Factors affecting printability of 316L powders using the DMLS process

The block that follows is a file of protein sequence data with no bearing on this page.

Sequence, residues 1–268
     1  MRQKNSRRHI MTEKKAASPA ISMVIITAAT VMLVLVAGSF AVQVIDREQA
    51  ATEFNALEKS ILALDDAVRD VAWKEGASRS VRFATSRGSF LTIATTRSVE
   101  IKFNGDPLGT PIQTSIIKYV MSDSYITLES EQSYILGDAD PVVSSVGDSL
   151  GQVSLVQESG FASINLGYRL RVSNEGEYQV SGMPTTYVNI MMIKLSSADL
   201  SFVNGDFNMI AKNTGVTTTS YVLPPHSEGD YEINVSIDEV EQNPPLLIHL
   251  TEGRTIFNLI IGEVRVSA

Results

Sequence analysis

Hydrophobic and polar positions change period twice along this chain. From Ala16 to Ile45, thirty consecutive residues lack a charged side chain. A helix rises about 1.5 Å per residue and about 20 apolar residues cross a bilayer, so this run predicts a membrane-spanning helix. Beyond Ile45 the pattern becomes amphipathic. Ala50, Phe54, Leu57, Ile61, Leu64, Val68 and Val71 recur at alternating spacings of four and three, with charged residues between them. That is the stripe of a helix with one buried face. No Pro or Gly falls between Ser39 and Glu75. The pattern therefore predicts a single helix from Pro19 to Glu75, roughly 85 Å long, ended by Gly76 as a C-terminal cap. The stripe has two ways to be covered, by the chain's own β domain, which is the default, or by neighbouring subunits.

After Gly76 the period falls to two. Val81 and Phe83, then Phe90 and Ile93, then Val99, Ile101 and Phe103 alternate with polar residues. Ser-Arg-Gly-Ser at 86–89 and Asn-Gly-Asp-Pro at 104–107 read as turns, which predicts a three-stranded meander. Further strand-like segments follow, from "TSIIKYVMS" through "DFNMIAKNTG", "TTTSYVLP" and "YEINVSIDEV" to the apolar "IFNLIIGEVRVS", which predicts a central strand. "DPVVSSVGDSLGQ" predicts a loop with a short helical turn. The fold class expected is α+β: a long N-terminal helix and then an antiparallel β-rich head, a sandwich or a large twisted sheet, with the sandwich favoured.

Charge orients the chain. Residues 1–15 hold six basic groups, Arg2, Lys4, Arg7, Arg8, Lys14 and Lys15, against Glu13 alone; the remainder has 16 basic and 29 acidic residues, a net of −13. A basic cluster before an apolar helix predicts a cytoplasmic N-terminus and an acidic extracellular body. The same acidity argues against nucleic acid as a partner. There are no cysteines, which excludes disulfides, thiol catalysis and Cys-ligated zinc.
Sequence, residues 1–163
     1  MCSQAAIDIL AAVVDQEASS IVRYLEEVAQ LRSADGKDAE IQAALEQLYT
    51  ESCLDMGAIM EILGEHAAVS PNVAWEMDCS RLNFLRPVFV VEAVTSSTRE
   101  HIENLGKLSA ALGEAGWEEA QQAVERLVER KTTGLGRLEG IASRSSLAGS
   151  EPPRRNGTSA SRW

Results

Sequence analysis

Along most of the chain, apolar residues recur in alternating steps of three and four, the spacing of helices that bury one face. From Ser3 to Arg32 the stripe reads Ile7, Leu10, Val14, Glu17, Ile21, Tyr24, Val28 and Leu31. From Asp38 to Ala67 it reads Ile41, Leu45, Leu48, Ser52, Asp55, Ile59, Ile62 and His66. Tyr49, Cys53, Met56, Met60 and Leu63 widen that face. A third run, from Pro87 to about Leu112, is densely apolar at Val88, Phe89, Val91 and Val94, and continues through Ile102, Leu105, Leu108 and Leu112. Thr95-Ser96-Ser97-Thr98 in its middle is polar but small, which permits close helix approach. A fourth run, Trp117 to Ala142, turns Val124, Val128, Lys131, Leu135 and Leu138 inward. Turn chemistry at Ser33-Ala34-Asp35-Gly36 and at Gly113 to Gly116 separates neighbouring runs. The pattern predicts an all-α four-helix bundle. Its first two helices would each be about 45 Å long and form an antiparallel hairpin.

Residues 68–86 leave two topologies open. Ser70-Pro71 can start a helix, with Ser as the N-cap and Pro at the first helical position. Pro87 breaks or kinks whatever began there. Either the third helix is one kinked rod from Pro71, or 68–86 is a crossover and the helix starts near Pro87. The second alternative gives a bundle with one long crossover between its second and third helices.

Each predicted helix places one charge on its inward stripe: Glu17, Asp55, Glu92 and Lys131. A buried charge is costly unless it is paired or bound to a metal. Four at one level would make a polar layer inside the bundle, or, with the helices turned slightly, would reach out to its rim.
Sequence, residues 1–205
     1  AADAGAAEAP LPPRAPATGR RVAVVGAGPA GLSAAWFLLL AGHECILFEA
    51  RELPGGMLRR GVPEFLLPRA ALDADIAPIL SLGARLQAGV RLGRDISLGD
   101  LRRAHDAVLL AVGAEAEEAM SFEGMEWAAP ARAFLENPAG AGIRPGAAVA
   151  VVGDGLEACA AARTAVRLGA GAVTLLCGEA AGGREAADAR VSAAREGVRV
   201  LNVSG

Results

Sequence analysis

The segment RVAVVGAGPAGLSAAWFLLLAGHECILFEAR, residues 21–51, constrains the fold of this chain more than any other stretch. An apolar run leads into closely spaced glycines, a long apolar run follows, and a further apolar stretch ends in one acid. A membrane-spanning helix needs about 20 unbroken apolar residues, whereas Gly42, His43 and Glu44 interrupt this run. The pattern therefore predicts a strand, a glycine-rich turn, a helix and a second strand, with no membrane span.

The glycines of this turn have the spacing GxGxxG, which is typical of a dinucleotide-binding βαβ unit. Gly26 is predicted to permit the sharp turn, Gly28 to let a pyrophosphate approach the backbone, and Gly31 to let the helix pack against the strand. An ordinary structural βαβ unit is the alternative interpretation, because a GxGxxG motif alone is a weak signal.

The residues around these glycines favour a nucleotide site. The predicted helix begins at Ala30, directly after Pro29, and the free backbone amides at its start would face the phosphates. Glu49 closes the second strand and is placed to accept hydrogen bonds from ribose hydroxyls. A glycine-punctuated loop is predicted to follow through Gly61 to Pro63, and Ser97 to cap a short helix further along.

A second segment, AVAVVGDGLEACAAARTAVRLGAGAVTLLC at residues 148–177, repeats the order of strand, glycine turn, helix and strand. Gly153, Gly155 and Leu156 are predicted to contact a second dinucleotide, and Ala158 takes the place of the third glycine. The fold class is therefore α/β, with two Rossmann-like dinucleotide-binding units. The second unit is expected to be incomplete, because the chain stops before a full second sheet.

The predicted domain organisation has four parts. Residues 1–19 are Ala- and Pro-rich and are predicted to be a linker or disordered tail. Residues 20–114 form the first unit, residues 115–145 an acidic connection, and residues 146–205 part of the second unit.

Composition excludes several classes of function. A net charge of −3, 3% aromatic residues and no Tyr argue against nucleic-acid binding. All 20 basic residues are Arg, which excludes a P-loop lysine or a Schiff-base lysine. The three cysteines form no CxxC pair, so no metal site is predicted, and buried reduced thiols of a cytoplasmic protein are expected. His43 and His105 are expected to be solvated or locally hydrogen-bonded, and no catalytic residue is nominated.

The layer by layer build-up of metal parts by selective laser melting puts specific requirements on the powder quality. The powder should be able to spread homogeneously throughout the layer, to melt and fuse without forming detrimental defects. Consequently, the clean, highly spherical gas atomized powders with excellent flowability are used in this process. However, little work has been published on water atomized powder since higher oxygen levels and lower apparent density can be expected and are believed to be detrimental to build quality. Several variants of water atomized powder was used to investigate the effects of higher levels of impurities and cohesivity on the properties of the built part. Powder properties were analyzed using traditional methods such as Hall flow, particle size distributions, and various density measurements in combination with a modern powder rheometer for characterization. The behavior during building was evaluated through metallographic investigations, mechanical properties and the chemistry of the printed parts. All of which were compared to the properties of built specimens with industry standard gas atomized powder and forged material. Results indicate that the experimental powders with poor flowability can be successfully spread out onto a bed and consolidated to full density when building with a small layer thickness. The resulting mechanical properties match closely the reference, except for significantly lower impact toughness. This is probably caused by increased numbers of spherical nano-sized oxides homogenously distributed in the structure. This is in turn caused by the higher oxygen contents in the experimental powder. It was also found that part integrity went down when increasing the build layer thickness for the experimental powders.